A NEW survey conducted by the New South Wales Law Society sheds some light on the trend of lawyers staying in large city law firms and then leaving for the suburbs when they reach their mid-thirties.
The recently released Law Society Practicing Certificate Survey 2005-2006 suggests that large law firms in New South Wales are filled with young lawyers who are likely to leave by the time they reach 35.
Fifty-nine per cent of those working in law firms with more than 20 partners are aged under 35, the survey states. In those firms with between one and four partners, however, only 24 per cent are under this age.
But according to the director of legal recruitment agency Naiman Clarke, Elvira Naiman, these statistics basically say that 41 per cent of people are aged over 35 in the larger firms. “It’s more to do with the structure of law firms and the way that the larger firms are actually leveraged. In firms that have 20 plus partners, there will be at least one solicitor for each partner,” she said.
She argued that if we work on the basis that solicitors are generally aged under 35 and partners are aged over 35, this is not a surprising statistic. “There will of course be partners aged under 35, and some firms will have a larger trend in that direction than others — which is why that skew is not 50/50 but 59/41.”
Smaller firms do not have the same leverage as larger firms, said Naiman. “So they might have two partners and no solicitors or four partners and one solicitor. So they are not leveraged compared to the larger firms. In the large firms they generally work towards a pyramid structure; so one partner, two senior associates, four solicitors. On average one partner will have, as a minimum, one to two solicitors that they directly supervise.”
Older practitioners are more highly represented in smaller firms and many are working as sole practitioners, the survey found. Sixty-one per cent of those working as sole practitioners are over the age of 50.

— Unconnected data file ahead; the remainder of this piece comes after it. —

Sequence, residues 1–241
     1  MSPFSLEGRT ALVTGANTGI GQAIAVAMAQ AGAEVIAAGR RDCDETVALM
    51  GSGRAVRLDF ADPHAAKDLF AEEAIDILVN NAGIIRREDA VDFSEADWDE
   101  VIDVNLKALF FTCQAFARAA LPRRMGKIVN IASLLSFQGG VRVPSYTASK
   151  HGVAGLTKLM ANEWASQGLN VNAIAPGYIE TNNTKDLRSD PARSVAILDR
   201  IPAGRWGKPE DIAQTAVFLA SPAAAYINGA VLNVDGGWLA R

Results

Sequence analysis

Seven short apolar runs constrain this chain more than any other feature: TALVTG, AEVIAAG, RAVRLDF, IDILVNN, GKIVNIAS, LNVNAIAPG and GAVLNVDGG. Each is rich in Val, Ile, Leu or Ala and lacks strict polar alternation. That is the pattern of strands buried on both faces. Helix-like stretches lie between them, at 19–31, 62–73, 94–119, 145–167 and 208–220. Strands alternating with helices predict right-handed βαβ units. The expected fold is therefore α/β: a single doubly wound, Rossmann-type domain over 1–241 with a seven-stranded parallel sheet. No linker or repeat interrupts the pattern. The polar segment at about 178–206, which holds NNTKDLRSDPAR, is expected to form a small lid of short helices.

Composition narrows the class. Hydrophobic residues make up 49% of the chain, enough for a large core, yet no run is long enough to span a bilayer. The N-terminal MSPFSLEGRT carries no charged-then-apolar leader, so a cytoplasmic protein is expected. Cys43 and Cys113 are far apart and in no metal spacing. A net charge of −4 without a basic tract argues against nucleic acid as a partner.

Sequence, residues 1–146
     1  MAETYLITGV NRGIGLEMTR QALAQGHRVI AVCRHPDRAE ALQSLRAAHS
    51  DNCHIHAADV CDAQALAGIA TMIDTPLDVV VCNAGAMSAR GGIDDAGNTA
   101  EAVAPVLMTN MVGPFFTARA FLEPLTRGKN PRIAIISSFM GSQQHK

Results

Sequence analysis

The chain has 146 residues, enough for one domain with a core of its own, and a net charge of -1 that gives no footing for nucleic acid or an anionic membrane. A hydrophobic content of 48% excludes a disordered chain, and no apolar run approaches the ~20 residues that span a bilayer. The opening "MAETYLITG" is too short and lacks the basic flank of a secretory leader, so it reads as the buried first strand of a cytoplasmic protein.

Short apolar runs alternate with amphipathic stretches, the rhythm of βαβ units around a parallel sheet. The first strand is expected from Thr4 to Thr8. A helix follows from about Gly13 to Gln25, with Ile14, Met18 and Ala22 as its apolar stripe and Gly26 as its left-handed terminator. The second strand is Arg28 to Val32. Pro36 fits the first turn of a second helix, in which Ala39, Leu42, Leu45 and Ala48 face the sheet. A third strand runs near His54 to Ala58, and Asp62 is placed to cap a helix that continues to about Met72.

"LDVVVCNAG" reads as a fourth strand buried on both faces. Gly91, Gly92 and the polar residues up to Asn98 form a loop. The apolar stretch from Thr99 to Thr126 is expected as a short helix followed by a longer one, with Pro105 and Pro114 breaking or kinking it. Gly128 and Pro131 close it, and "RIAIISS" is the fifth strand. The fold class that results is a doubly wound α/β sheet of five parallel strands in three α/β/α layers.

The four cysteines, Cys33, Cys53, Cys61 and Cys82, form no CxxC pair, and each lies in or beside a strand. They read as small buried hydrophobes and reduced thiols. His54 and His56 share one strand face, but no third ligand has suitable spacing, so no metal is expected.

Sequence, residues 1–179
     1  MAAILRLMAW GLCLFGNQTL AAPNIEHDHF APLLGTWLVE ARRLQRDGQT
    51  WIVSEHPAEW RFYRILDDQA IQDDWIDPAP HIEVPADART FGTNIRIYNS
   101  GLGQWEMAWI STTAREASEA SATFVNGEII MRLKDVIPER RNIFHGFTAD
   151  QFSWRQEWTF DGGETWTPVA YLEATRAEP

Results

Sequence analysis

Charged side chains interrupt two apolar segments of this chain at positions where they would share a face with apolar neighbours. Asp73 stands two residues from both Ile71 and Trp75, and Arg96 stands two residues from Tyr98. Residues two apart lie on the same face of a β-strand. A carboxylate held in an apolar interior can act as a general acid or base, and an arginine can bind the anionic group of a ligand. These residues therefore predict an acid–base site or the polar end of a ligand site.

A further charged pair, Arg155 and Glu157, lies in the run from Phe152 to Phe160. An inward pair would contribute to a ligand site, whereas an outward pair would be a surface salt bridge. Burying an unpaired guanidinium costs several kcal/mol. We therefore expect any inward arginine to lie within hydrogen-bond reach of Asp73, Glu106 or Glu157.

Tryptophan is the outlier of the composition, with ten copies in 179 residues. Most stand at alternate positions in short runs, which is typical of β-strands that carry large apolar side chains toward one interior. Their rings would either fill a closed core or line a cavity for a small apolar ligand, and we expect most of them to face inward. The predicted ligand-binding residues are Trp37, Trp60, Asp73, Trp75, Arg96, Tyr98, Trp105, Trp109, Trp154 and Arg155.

Naiman said: “In the smaller firms, because they don’t generally have the larger clients, [they are often] just made up of the principal partners and no other solicitors, which throws that statistic out. That whole class of law firms tends to hire fewer solicitors. And so, less solicitors tend to fall in the under-35 age bracket. That is what that statistic is saying.”
As in previous surveys conducted by the Law Society, those lawyers working in the city of Sydney had the youngest age profile. Forty-one per cent of city respondents were under the age of 35, the survey found, compared with only 23 per cent of those working in the suburbs of Sydney.
According to Naiman, this is not surprising considering that “gen X and Y have generally tended towards the larger city firm”. On the other hand, the suburbs tend to attract slightly older solicitors who perhaps have been married, had children and settled down, and have chosen to practice in the suburbs for lifestyle benefits, she said.
As well, “older lawyers tend to ‘retire’ to smaller practices in the suburbs, again for lifestyle reasons,” she said.